This is the second-half of a two-part series about turning failures into stepping stones for success.
Last week we discussed the mentality you need to succeed after failure and we went over the tools you’ll need to help you succeed.
Now that you have the tools and know what not to do, I can tell you how to succeed after failure.
So you’ve just failed. You want to ball up and cry and mourn about the time and effort you wasted. Do what you need to do, but you can’t keep that up for long if you want to succeed. Keep it together.
The 8 Steps:
1. Give yourself a set amount of time to recuperate. Set a specified period of “mourning” time during which you can wallow in your sorrow. Cry it out, gorge on your favorite ice cream, spend time with your friends, and vent if you need to. Just know that you’re going to be okay and that you’re going to bounce back up.
When that time ends, recalibrate your mindset to move on. Your time can range from five minutes, to a few days, or a week. Just decide on a time frame and stick with it.
2. Remain positive. Remember that you learn something new with each failure. You may gain new skills along the way and learn what not to do. Now you can detour and begin a new plan, meaning you’re still making progress toward your goal. You’re one step closer to succeeding–not one step behind.
You’re one step closer to succeeding–not one step behind.
3. Reflect. You may be angry and sad and disappointed, but try not to let yourself stay in that mindset. Accept what happened and keep moving forward. Ask yourself these two questions:
What could I have done differently?
Was it out of my control?
Ask for feedback from the people you can trust, they can provide you with additional (and more objective) perspectives that can help you look at the situation from another angle.
Think of reflection like driving. You make small, minor adjustments while you drive on the highway to stay in your lane and continue driving straight. You don’t wait until you’re out of your lane and swerve back in–you might cause an accident.
As with “mourning” time, set a time limit for reflection. You don’t want to get stuck in reflection–it may lead to sulking.
4. Don’t blame anyone. It’s important to reflect without shame and without blame. Don’t be ashamed of the failure and don’t blame yourself or anyone else. It’s instinctive to want to direct the blame at a person, but that isn’t constructive. Feeling shame and finding someone to blame won’t help you get closer to your goal.
If you want to blame yourself, remember that it is not your failures that define you, it’s how you react to failure.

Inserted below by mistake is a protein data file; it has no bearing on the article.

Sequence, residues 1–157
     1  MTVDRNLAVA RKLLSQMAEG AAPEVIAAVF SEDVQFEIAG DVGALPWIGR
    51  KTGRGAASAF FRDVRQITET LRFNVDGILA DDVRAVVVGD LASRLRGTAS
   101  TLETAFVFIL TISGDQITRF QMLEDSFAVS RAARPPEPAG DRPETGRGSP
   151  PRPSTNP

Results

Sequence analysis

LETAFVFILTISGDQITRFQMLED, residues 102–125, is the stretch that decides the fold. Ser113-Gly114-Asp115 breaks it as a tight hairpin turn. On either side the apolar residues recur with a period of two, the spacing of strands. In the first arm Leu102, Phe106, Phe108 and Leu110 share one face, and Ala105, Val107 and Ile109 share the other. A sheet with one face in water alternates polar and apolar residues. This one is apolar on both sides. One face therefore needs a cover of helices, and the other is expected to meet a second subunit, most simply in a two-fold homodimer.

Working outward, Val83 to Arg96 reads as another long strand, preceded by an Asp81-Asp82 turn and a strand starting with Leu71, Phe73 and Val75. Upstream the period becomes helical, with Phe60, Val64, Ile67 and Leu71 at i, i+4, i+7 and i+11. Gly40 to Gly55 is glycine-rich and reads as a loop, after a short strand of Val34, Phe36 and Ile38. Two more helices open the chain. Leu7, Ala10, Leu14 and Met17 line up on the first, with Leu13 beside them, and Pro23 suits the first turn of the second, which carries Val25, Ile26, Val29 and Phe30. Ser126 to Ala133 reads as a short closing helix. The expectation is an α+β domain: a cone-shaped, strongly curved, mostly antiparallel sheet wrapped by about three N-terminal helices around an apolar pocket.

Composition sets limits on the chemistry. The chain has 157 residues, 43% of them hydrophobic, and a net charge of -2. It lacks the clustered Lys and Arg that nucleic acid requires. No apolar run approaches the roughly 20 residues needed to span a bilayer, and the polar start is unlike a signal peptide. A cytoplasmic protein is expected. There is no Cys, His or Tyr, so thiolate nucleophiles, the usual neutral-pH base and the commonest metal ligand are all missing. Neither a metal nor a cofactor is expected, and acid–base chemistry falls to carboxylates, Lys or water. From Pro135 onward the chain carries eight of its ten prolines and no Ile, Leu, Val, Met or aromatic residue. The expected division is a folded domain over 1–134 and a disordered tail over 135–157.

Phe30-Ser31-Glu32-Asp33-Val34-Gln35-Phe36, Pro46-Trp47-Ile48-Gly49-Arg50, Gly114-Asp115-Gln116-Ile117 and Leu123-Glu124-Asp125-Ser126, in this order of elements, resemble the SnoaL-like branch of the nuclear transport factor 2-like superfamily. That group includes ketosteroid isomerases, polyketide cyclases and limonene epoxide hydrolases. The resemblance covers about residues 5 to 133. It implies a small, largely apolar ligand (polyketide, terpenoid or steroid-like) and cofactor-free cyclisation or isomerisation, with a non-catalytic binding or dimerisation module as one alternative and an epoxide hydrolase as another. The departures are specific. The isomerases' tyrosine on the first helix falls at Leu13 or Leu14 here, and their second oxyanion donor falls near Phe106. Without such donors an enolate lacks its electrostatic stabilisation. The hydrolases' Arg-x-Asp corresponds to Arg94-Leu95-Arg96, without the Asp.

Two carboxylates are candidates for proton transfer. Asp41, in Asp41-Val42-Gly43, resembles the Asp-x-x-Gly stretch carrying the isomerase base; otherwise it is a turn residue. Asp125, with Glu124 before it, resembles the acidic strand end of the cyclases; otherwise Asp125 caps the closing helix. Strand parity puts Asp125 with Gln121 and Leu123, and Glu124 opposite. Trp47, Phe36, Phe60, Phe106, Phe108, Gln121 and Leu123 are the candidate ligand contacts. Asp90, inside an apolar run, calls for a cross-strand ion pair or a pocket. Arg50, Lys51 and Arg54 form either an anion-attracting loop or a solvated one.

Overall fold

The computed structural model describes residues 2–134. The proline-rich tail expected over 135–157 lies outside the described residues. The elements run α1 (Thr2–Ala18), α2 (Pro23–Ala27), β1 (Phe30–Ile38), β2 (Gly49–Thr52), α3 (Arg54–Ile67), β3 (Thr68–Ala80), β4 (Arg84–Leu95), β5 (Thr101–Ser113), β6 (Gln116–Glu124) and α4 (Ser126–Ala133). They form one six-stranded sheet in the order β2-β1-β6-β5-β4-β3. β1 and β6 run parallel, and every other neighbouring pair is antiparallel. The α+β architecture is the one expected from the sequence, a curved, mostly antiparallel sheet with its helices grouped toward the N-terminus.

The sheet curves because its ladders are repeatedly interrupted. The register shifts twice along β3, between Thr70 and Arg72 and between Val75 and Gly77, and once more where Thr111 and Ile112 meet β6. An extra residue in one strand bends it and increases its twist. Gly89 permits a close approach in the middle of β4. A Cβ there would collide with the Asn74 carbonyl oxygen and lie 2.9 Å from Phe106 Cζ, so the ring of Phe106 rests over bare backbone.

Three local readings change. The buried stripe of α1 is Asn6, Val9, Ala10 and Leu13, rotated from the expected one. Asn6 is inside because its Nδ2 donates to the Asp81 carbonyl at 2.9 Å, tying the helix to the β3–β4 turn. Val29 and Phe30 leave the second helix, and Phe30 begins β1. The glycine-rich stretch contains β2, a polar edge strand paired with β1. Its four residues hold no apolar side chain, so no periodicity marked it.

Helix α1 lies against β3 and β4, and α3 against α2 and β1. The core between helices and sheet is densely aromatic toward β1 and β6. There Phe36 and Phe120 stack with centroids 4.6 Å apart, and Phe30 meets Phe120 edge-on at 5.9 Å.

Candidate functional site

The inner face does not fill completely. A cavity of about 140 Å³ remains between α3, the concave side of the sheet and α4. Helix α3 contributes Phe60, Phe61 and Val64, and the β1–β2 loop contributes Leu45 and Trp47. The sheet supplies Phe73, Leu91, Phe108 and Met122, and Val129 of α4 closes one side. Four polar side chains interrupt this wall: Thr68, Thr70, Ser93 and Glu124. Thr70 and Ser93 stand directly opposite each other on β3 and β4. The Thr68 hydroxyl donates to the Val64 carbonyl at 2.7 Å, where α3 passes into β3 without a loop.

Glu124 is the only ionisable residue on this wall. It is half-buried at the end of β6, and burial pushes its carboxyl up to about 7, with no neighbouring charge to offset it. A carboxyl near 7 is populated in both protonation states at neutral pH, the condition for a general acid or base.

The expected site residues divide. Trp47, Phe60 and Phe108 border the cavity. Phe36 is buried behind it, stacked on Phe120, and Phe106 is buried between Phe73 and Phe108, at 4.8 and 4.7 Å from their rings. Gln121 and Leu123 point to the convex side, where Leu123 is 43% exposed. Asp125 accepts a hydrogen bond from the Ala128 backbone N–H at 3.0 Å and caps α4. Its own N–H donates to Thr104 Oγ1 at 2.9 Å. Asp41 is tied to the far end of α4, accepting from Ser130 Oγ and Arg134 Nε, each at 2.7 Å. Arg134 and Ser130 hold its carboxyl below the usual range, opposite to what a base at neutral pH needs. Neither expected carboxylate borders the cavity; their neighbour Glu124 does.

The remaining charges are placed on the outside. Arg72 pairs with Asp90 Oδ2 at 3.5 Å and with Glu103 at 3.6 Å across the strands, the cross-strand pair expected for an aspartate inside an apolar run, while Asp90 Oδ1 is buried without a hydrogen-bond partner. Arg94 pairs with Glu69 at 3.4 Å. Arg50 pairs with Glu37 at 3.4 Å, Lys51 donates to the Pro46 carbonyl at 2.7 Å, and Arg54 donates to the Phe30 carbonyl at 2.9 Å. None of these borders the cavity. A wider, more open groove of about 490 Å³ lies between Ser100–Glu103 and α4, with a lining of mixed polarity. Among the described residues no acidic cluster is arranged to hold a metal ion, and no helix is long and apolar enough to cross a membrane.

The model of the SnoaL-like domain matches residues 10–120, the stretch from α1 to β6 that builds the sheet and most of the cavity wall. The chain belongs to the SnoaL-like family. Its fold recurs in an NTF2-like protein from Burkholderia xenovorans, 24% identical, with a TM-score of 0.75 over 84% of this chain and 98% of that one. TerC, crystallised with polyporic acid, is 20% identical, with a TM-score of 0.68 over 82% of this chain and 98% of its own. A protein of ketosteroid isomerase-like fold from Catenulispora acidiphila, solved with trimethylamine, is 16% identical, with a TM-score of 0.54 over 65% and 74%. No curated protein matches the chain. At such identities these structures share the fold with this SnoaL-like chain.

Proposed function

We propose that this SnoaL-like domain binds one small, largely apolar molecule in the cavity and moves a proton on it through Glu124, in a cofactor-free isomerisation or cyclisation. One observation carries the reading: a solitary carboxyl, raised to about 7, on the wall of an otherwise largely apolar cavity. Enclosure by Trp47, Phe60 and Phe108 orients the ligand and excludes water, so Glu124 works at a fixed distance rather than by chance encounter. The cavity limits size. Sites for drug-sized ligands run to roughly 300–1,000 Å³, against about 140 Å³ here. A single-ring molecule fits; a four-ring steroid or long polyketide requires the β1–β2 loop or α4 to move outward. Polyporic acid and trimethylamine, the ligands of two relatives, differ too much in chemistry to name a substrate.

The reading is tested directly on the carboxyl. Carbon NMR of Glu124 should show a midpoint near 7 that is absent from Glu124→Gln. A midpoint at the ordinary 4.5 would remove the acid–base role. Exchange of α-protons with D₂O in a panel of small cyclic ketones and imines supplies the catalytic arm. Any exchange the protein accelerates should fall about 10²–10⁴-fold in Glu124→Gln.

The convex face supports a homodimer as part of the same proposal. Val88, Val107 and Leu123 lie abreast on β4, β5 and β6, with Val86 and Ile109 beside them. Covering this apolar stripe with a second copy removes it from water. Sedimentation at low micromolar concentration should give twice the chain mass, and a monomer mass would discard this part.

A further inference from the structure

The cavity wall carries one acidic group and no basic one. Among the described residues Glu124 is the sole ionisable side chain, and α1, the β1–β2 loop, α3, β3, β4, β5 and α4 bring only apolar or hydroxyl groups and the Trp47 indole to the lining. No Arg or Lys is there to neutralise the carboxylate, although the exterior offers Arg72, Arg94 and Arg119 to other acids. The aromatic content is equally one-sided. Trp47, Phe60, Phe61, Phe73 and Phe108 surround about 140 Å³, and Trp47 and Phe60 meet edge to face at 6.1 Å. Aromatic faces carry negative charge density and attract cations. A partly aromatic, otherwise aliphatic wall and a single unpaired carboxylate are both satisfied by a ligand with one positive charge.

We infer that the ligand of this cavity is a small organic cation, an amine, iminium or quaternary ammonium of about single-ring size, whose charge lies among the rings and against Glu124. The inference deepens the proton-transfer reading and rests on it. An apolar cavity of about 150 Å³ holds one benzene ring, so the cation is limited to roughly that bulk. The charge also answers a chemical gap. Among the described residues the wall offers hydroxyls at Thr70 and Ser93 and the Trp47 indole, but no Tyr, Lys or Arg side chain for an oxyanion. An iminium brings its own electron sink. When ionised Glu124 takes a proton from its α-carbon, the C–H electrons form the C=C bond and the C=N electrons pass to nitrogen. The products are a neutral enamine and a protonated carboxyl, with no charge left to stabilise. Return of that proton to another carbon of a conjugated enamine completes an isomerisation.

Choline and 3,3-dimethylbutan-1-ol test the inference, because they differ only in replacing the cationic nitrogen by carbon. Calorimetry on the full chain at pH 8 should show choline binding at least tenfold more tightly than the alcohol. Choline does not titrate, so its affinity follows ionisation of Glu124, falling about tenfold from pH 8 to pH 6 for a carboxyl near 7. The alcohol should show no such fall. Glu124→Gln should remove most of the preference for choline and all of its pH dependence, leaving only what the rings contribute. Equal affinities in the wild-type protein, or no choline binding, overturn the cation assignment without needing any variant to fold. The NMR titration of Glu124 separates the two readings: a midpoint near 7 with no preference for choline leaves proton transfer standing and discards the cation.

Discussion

Failure is an event, never a person; an attitude, not an outcome. – Zig Ziglar
5. Be open to making changes. You may have to change your mindset, your approach, or even your goal. Every time you fail, you will reflect and learn, and you will have to apply your new knowledge to your situation. This may mean redrafting your plan and refocusing your goals.
6. Take action. This is likely the most difficult step. It’s easy–and normal–to feel paralyzed after failing. It’s easy to sit around and sulk or get stuck in reflection when there’s nothing left to reflect on. The fear of failure may often frighten you enough to not take action.
When this happens, you worry more about preparation in an effort to avoid failing again. You may want to prepare so that you start back off on the right foot. Don’t worry about starting back off on the right foot. Just focus on starting again. You’ll learn as you go.
“The fastest way to succeed is to double your rate of failure.” – Thomas Watson
7. Try something new. This is open to your interpretation. You may have to try a new approach, experiment with new methods, and/or create a new plan from scratch. Perhaps you can reach your goal through a different medium, in a different setting, or in another field.
This may seem counter-intuitive. However, if you try new things, you’ll put yourself in a new environment and you’ll learn about other perspectives. You’ll learn new methods of thinking. Then, when you return to your main goal, you’ll be refreshed with new tactics and new ideas.
You may even find that you’re very interested in that new thing you tried.
The last step is the most important.
8. Don’t give up. If you’re truly working hard and you’re truly taking the time to reflect, and learn, and adapt after the each, then good. Don’t give up. Most of the time, success isn’t about being the best, or networking the most, or working the hardest–it’s not even about being the most passionate. Most of the time, it’s just about not giving up.
“Our greatest glory is not in never falling, but in rising every time we fall.” – Confucius.
Success is not an end goal. It’s a journey.
When you do succeed, remember to continue embracing risk. Stay hungry for more improvement, and stay humble. Do not get comfortable with where you’re at. Redefine your goals and continue to fail and learn.
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